8 Alternatives to Europe’s Most Famous Christmas Markets
One of the highlights of spending winter in Europe is soaking up the Old World atmosphere of the festive Christmas markets that temporarily take over town squares come December. And while there are plenty of famous must-visit markets in the region, the quieter alternatives scattered across northern and central Europe can be equally delightful. Home to fairy lights and trimmed trees—as well as unique traditional wares and local holiday treats you won’t find elsewhere—here are eight of the best.
Belgium’s capital city of Brussels may be more famous, but medieval Bruges has a Christmas card vibe that can’t be beat. The city doubles down on holiday charm each December with two main markets in the center. Market Square features a festive skating rink surrounded by wooden stalls, while the smaller Simon Stevenplein market—a local favorite—glows beneath a canopy of twinkling lights. Both sell Christmas crafts and seasonal decorations from the last week of November through early January and are an ideal spot to snack on hot Belgian waffles, sweet cuberdons (or neuzekes) candies, and traditional nougat.
With its spectacular coastline, Croatia is often considered a summer destination. Venture inland to the capital city of Zagreb, however, and you’ll find the perfectly picturesque setting for a classic Christmas market. Part of the city’s annual Zagreb Advent Festival, the market is spread across the Upper and Lower Towns from the end of November through the first week of January. Browse the stalls for vintage treasures and trendy décor as well as more classic Croatian crafts and sweet treats like licitar heart-shaped cookies, paprenjaci gingerbread, and vanilla-infused vanilin kiflice.
Often outshone by Vienna’s sheer starpower, Austria’s second-largest city of Graz is a deserving destination all year round. And the old town is especially captivating during the Christmas season when more than a dozen seasonal markets infuse the squares with holiday cheer. The most popular is in Hauptplatz against the backdrop of the historic city hall and features a classic carousel; meanwhile, the Aufsteirern market on Schlossberg Hill is a perennial favorite for its bird’s-eye view over the city rooftops. Finally, the market in Färberplatz is known for its one-of-a-kind handmade arts and crafts by Austrian and international artisans.
Insider tip: Stay warm while strolling through all three with a steaming cup of classic Glühwein (mulled wine) or try Schilcherglühwein, made with the local Schilcher rosé.
When most people think of the Alps, Switzerland and Austria immediately come to mind. But Italy sits just to the south and is marked by soaring peaks and chocolate-box mountain towns along its northern border. Bolzano offers the perfect blend of Alpine and Mediterranean culture, and its annual Christmas market would look at home in any Swiss or Austrian town. Chalet-like huts line Piazza Walther, selling artisan crafts and local specialties such as apple strudel, pretzels, and mulled wine throughout December.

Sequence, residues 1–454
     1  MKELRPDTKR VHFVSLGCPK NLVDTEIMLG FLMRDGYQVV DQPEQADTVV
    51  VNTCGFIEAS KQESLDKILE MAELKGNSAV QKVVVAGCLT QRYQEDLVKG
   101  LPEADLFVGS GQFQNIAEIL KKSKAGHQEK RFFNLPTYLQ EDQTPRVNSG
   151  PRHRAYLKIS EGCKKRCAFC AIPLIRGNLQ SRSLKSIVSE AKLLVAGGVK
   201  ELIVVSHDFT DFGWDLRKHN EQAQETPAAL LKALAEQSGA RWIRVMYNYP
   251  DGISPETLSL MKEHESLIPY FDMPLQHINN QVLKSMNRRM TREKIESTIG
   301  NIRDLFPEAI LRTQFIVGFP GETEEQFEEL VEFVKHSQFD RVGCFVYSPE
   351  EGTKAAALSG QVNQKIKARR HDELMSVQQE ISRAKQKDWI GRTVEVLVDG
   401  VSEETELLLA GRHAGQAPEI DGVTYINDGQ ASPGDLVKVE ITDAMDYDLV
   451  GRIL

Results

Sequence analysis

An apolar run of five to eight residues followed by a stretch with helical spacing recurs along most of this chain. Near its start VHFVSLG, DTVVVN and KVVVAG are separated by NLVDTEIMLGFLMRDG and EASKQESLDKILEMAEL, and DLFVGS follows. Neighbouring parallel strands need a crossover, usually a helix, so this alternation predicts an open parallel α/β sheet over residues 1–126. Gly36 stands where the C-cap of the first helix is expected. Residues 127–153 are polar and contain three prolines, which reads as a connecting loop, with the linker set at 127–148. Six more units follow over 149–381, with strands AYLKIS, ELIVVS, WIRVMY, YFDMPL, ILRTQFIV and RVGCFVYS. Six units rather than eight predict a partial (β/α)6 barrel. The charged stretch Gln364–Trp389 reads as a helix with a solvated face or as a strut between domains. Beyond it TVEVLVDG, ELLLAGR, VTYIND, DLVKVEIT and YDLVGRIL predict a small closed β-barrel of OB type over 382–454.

Though Vilnius flies under most travelers’ holiday radar, this Baltic capital offers one of the most festive and authentic Christmas markets on the continent. Wooden chalets and glass igloos selling Lithuanian handicrafts and classic specialties like kūčiukai cookies and kisielius (a warm berry juice drink) are spread across the old town and connected by a Christmas train, lending the entire city center a winter wonderland charm. Downtown Vilnius is also known for its spectacular collection of Christmas trees decorating the main squares and a light show in Cathedral Square each evening between Christmas and New Year’s. The market is typically held from the last week of November to the second weekend in January.
UNESCO-listed Lübeck has a spectacularly preserved medieval cityscape, but this provincial town sitting almost on the shores of the Baltic Sea is far off the tourist track and its delightful Christmas market is virtually unknown outside Germany. The main market stalls are set up around the Church of St. Mary, but there’s also an artisan craft market at the Church of St. Peter and a kid-friendly market along the river bank—all are open from the last week of November until December 30. Be sure to sample the local marzipan and gingerbread along with warming market staples such as mulled wine, fried potato cakes, and grilled sausages.
With all of the historic charm yet none of the name recognition of Krakow, Wroclaw offers a fairytale setting for a truly Old World Christmas market devoid of international crowds. Decorated wooden stands selling gingerbread houses and Polish specialties are set up in Rynek—considered one of the most beautiful market squares in central Europe—as well as Plac Solny, Świdnicka Street, and Olawska Street from late November until New Year’s Eve. Be sure to try oscypek, a local smoked cheese melted and served with cranberry sauce, as well as classics such as Polish sausages and potato pancakes.
Most winter travelers to the Czech Republic head straight for the blockbuster Christmas markets in Prague. The UNESCO-listed old town of Cesky Krumlov, however, is home to the much smaller Svornosti Square market that delivers the same Yuletide vibe with fewer tourists. Plan an overnight stay in the Old Town and visit the market to enjoy fairy lights, trimmed trees, handmade crafts, and the area’s ornate gingerbread treats. The town is often blanketed in snow in December, so you may even be treated to a Narnia-esque holiday scene from late November to the first week of January.